IBM slows in second quarter

IBM Corp. reported a drop in revenue Wednesday for its second fiscal quarter compared to 2001, as it suffered from a weak overall economy and large reorganizations within its business units.

IBM, based in Armonk, New York, posted US$20 billion in second-quarter revenue, a 7 percent decrease from the same quarter in 2001. The company generated $56 million in net income compared with $2 billion in net income in last year's second quarter, including charges, the company said in a statement.

Diluted earnings per share for IBM came in at $0.03, including costs associated with workforce reductions, a realigning of its microelectronics division and the agreement to sell its hard disk drive business to Hitachi Ltd. Excluding these charges, IBM posted $0.84 earnings per share, it said in the statement. IBM posted earnings per share of $1.15 in the same quarter last year.

The consensus estimate for IBM by analysts polled at Thomson Financial/First Call was for $0.83 earnings per share, excluding charges, but including IBM's hard disk drive business.

The company cited growth in its middleware software business as a high point in the quarter. In addition, IBM claimed to hold even with the competition in its server and storage businesses.

Excluding IBM's hard disk drive business, the company posted revenue of $19.7 billion for the quarter ended June 30. IBM marked the hard disk drive business as a discontinued operation in its earnings statement and said that segment showed a loss of $389 million or $0.22 per diluted share for the quarter.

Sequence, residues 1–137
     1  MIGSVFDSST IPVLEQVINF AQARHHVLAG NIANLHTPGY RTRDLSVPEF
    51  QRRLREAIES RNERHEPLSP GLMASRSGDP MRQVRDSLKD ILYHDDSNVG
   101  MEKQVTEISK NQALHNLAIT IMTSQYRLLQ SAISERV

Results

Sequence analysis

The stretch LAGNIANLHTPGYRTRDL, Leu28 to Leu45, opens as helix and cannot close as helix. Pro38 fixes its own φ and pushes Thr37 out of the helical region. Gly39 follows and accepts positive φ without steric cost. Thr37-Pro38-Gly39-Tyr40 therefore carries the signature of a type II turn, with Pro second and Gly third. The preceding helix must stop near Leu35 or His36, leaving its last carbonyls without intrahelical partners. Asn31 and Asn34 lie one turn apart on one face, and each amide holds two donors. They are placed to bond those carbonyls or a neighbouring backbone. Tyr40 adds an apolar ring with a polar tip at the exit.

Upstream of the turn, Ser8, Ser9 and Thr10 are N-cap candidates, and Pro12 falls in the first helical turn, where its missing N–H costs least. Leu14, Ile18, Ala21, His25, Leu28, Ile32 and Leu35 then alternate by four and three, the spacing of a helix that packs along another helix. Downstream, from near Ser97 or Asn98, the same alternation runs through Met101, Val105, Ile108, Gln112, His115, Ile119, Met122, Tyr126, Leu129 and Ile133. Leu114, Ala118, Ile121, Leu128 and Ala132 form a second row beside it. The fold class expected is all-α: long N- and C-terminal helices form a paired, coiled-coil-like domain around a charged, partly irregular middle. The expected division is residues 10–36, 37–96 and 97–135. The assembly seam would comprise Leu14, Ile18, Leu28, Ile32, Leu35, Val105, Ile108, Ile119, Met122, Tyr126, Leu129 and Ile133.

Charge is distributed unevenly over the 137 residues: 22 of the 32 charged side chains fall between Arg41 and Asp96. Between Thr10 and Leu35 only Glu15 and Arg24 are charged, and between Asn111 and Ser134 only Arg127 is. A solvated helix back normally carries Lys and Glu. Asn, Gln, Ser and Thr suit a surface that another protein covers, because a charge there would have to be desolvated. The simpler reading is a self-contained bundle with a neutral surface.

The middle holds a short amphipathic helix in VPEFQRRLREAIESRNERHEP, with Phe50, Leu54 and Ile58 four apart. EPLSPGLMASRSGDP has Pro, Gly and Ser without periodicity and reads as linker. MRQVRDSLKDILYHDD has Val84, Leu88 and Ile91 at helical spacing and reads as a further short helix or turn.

IBM's earnings have been under scrutiny by the analyst community after it sold its hard disk drive unit to Hitachi in June. IBM had lost $515 million over the last five quarters from poor hard disk drive sales and will take charges in coming quarters as part of the deal. Still, the company did not alter its per share earnings targets for coming quarters following these announcements.

.Like other sever and storage vendors, IBM has suffered from slow hardware sales. In the quarter just ended its server and storage revenue declined 17 percent year-on-year. Sales of its pSeries Unix servers were particularly weak, with revenue dropping 27 percent. Its storage business also performed poorly, shedding 23 percent of revenue compared to last year's second quarter, IBM said.

IBM's software business grew 7 percent, bolstered by 10 percent growth from its middleware products, which include its WebSphere application server.

Revenue from IBM's oft celebrated services business was down 1 percent to 2 percent in the quarter, said John Joyce, IBM senior vice president and chief financial officer, during a conference call with press and analysts to discuss the results.

"In general, customer demand was similar to what we saw in the first quarter," Joyce said. "Europe seemed to have weakened a little bit, but the U.S. seemed to show a little progress."

Joyce said small and medium-sized customers made more purchases in the second quarter than in the first.

He said he expected to see "modest revenue growth" for IBM in the second half of the year.

Shares of IBM closed up more than 2 percent to $70.69 ahead of the earnings announcement.

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Ashlee Vance

Computerworld
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